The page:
Lots of people like the effect of snow dyed fabric. Some want to buy the fabrics but some people want to make it themselves instead. Yesterday’s post was for the buyers. Today’s post is for the makers. For those who want to do snow dyeing this is not a full tutorial but here are some tips from my sessions last week. If you need a full tutorial try this one from Dharma Trading.
Soda Soaked Fabric
The fabrics has to be soda soaked first. I tried working with it dry and wet and found no real difference. I did not iron the fabric but I settled on this process:
- Cut and fold the fabric into the shape. I spritzed it with a little water to help hold creases.
- Soda soak the fabric. It was much easier to handle the fabric if I folded it first and soda soaked it last. I let it sit in the soda solution a few hours to make sure it soaked through all layers.
- Drain the fabric. I set the fabric up on a grid of some sort over a bin so that the excess soda solution could drain out. I left my fabric overnight to dry out some. In the future I would consider prepping a lot of fabric ahead of time and letting it totally dry out. You can leave soda soaked fabric for months and it will be OK.
Fabrics arranged for soda soaking. Pour the soda solution over the fabrics and let sit for several hours before draining. Leftover soda solution is still good to use again.
Arranging the fabric
I have the best results when the fabric is elevated over a container so that as the melted snow drips through the fabric and the fabric doesn’t sit in the water. To be less wasteful you could scrunch soda soaked fabric in the bottom of the bin to collect the runoff dye. It would give some great texture too.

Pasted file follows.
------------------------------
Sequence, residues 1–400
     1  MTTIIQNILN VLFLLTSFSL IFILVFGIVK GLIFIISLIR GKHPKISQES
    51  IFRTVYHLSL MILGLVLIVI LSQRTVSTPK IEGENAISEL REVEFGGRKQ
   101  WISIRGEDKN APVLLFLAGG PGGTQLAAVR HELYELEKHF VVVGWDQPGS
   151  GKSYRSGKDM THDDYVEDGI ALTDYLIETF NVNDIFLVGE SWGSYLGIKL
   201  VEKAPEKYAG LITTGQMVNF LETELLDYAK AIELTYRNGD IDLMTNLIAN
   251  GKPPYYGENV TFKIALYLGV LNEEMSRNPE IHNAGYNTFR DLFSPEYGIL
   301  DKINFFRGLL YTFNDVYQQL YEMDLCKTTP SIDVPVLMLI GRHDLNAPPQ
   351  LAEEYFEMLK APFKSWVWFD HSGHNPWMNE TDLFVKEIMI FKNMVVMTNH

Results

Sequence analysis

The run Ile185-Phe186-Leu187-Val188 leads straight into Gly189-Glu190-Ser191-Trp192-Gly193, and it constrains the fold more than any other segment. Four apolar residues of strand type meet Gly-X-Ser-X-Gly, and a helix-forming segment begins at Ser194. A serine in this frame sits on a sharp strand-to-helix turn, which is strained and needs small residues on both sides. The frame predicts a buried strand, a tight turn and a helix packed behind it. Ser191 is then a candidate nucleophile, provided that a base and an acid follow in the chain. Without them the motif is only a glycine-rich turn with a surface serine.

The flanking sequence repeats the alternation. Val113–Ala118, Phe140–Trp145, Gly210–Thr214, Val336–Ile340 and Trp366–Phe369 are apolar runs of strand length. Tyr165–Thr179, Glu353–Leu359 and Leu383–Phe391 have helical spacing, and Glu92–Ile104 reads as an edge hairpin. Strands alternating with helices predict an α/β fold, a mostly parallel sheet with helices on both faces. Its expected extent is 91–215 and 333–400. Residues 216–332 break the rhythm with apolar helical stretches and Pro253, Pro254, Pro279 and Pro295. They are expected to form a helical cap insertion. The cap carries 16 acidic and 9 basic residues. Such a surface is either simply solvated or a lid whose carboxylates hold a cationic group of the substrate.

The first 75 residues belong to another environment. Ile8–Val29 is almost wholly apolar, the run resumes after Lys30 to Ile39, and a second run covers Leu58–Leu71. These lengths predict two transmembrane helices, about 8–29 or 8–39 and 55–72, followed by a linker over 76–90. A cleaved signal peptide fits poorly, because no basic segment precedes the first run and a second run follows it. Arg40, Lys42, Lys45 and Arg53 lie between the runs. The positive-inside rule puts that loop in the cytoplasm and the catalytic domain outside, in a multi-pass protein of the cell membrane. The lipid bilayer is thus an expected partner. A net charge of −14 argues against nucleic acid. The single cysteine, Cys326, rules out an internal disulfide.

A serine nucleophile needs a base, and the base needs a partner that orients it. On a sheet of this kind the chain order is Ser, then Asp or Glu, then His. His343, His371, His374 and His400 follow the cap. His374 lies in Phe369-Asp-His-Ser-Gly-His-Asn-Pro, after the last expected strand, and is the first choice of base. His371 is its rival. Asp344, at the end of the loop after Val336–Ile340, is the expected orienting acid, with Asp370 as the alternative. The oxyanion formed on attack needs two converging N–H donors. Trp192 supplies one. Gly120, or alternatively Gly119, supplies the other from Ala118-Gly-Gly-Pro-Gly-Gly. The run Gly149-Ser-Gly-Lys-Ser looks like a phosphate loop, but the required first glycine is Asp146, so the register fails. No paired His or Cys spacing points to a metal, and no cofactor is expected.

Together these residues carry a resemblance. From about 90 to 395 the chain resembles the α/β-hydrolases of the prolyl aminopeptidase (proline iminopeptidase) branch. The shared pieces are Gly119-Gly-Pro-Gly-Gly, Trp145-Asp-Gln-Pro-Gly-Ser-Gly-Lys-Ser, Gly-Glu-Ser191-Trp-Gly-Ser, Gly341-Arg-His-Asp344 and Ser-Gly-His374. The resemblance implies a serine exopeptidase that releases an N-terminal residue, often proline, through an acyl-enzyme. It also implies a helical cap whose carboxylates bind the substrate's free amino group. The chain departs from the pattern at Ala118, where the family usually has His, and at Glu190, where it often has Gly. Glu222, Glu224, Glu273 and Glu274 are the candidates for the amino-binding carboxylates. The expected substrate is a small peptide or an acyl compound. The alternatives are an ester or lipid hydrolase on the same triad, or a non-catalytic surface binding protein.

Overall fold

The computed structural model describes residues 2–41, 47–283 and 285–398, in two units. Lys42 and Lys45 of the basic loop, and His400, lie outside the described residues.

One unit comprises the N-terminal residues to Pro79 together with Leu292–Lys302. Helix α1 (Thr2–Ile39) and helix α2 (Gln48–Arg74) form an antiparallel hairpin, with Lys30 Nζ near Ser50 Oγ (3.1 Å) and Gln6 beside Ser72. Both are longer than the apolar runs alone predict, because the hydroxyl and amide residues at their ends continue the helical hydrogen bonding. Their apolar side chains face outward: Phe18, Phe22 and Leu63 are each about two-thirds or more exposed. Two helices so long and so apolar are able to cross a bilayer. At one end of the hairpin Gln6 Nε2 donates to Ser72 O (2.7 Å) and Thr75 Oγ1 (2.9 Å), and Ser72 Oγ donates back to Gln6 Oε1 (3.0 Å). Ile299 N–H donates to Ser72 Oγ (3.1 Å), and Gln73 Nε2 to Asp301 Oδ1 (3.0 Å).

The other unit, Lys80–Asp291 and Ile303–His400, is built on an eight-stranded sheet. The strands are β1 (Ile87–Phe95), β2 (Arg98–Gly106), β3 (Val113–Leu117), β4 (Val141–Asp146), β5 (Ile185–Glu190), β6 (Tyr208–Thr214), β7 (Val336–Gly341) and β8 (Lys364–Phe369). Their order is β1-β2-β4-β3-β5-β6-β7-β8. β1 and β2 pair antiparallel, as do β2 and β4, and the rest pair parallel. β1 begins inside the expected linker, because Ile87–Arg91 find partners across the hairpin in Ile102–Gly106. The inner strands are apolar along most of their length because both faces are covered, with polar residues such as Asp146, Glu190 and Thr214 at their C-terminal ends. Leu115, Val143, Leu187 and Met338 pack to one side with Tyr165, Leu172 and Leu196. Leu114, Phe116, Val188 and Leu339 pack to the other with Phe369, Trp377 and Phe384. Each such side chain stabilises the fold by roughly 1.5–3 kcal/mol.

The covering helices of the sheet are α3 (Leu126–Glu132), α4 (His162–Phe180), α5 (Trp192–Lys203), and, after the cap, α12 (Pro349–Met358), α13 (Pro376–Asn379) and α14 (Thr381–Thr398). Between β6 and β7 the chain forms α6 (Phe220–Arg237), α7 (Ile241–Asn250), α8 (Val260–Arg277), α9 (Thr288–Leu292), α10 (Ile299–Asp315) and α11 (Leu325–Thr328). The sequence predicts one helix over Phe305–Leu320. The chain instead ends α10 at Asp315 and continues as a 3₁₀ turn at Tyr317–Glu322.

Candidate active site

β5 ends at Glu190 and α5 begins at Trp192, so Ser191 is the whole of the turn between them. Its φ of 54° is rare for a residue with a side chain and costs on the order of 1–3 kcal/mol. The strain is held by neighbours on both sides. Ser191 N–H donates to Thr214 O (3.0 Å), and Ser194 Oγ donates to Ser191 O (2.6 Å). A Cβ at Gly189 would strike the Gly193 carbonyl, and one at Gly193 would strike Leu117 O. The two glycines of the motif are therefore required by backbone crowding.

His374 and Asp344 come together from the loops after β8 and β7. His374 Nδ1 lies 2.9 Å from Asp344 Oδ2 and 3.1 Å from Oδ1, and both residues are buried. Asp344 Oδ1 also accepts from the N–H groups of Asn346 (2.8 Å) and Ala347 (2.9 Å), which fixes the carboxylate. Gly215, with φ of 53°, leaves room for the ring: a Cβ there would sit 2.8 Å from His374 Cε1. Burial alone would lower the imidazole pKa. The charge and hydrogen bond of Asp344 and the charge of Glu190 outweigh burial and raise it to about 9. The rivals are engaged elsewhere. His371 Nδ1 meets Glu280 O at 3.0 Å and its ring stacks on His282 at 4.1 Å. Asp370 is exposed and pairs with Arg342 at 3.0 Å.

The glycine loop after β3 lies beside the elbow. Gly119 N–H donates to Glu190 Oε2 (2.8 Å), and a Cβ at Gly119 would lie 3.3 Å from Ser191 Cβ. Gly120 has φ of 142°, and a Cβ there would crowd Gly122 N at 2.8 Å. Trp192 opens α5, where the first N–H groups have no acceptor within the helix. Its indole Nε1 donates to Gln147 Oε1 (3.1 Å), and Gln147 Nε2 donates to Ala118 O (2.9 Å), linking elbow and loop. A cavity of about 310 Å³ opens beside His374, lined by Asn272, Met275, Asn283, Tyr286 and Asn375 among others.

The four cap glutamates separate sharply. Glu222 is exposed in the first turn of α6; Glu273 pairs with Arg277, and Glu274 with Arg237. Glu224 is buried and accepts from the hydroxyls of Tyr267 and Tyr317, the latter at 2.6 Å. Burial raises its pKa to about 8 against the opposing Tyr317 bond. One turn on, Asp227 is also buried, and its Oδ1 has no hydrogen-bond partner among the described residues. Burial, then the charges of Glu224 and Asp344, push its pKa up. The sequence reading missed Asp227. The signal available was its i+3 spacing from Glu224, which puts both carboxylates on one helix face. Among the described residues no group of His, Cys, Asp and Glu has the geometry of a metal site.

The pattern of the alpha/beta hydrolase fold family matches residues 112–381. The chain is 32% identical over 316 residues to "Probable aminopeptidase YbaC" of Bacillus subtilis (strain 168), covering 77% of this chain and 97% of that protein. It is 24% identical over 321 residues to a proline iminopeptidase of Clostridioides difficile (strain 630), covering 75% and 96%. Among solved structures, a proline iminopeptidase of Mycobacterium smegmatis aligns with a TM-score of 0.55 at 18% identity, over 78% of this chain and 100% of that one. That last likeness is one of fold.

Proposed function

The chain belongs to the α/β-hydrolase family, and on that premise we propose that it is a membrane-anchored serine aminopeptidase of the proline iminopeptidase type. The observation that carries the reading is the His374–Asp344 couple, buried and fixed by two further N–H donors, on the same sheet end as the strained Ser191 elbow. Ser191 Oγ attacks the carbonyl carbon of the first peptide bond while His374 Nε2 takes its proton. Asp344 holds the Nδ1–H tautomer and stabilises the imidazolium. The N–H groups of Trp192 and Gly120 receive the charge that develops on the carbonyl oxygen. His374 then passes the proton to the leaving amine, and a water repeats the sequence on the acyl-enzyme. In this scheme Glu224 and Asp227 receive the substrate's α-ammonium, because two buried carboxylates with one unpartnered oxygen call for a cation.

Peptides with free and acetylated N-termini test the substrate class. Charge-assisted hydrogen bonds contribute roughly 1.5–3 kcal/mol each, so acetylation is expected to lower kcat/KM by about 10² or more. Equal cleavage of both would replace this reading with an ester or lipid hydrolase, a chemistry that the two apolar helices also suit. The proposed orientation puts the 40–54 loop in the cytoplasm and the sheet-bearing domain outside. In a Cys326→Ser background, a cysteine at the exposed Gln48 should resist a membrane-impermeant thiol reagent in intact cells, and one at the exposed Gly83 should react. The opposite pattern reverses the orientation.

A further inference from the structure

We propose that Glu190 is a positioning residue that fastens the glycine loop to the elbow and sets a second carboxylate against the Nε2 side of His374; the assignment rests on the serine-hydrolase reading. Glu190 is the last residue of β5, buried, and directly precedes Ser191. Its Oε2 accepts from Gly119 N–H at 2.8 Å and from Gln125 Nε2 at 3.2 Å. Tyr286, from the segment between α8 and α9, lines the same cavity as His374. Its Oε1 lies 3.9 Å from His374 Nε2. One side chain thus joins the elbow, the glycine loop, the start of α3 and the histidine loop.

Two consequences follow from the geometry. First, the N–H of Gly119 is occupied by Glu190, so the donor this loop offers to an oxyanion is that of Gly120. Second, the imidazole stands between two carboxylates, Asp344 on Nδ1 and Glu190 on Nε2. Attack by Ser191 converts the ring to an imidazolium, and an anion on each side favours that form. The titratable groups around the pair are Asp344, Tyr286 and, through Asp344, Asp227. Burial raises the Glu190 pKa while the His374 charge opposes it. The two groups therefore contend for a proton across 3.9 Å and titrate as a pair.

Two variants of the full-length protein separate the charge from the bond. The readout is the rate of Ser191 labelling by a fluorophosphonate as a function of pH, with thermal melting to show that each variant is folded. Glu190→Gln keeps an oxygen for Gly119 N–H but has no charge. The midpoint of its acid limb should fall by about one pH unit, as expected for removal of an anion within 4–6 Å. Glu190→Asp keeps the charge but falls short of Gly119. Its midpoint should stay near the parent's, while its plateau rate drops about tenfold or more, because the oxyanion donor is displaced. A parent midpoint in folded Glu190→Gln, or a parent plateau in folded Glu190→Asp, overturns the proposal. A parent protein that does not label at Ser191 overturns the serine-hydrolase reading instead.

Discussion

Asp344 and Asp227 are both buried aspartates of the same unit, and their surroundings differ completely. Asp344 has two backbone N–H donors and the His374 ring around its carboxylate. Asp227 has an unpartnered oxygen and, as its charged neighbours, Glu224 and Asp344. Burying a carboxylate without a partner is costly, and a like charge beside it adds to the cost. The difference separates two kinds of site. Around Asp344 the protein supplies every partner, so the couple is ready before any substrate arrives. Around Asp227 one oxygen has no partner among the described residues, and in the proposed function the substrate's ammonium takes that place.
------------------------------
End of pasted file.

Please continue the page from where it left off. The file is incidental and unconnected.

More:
Experiment with different ways to fold and arrange the fabric.
In this example I used a opened cardboard box lined with a trash bag to create a tube so that I could wedge some fabrics on end.
The piece on the right is a mandala that’s been rolled and then set flat. Try every idea you come up with. The results will surprise you.
I got good results with 2 methods.
1. Using dye concentrate I applied the dye on top of about 4” of snow.
2. Using dye powders I spread a light layer of snow and then sprinkled on dye
and then added more snow on top of the dye powder.
Things I tried but didn’t like as much:
Dye powder on top of the snow. It seems to lose a lot of color when it has to melt through 4” of snow but I think the process does need about 4” of snow for the color to migrate through all layers of fabric so put the powder closer to the fabric.
Diluted dye just doesn’t work well at all.
Dye powder directly on the fabric and under the snow. This left behind some dye speckles that I didn’t care for but a lot of dyers have success with this method.
After the snow is applied just leave it until it melts and then wash out as you normally do. Following are some samples of fabrics with photos of how they were arranged and dye applied.